Chandigarh: The raging controversy over cow slaughter has hit the Rs 2,500 crore business of breeding cows in Punjab with dairy farmers accusing the state's Gau Sewa Commission of "harassing" them by "inordinately" delaying the necessary permission for export of bovines to other states.
Dairy farmers under the banner of Punjab Progressive Dairy Farmers' Association alleged that the "inordinate" delay in getting the necessary permission from district authorities for export of bovines to other states has "paralysed" the business of breeding cows.
They claimed that the ban on transportation of cows after sunset has also hit the trade. Punjab is one of the leading states in cattle breeding and
supply almost three lakh high yielding cows -- Holstein Friesian breed -- to various parts of the country including Gujarat, Uttar Pradesh, Bihar, Chhattisgarh, Andhra Pradesh and Rajasthan, they said.
"The Punjab Gau Sewa Commission has made it mandatory for dairy farmers to take permission from district authorities for transporting cows to other states. Besides, permission is also required from a veterinary doctor," Association's President Daljit Singh said.
"The whole process takes about two months...which is sheer harassment," he said adding "due to such conditions, our cow breeding business which is worth Rs 2,500 crore has been adversely hit."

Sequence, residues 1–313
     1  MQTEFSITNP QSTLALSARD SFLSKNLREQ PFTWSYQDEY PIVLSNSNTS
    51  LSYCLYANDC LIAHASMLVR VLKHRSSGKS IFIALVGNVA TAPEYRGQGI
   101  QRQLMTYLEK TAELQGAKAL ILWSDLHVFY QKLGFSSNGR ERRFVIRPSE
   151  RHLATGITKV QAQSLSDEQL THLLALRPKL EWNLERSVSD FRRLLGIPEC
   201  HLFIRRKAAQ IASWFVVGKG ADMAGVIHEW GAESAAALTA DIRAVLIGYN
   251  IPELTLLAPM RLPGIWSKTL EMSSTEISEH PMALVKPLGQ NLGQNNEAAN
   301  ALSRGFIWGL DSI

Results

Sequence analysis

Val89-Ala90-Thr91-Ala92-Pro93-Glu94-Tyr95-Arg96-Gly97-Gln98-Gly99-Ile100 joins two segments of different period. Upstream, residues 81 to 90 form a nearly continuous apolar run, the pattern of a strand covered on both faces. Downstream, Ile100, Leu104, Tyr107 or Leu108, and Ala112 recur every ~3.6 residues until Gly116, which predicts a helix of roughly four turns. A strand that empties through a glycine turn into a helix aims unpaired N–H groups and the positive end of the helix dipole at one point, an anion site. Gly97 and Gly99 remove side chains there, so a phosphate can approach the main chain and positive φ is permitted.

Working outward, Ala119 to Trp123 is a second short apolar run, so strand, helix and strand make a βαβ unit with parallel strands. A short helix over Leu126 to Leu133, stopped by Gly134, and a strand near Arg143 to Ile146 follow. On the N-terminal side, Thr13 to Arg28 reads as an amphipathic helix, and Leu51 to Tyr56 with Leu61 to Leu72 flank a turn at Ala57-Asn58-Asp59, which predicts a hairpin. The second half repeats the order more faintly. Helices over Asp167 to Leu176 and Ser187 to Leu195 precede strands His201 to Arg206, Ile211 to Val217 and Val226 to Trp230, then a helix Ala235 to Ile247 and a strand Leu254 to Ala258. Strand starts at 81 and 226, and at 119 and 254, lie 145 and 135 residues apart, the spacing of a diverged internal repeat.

"Against the potential of sending 800 cows daily from Punjab to other states, we are given permission for about 20 cows per month," he said.
A cross-bred cow fetches Rs 1.25 to Rs 1.50 lakh. "Because of delay in permission, buyers from other states are not ready to come here. Where will these three lakh cows go?" he asked.
Singh also claimed that some self-styled cow protection groups operating in the state also harass and even attack trucks carrying cows. Meanwhile, Punjab Gau Sewa Commission Chairman Keemti Bhagat said, "We don't object to transportation of milking cows. But we will never allow cows to be sent out for slaughter under the garb of trade."
Bhagat said that in last two years, 430 FIRs have been registered in the state in connection with incidents of cow slaughter or smuggling of bovines.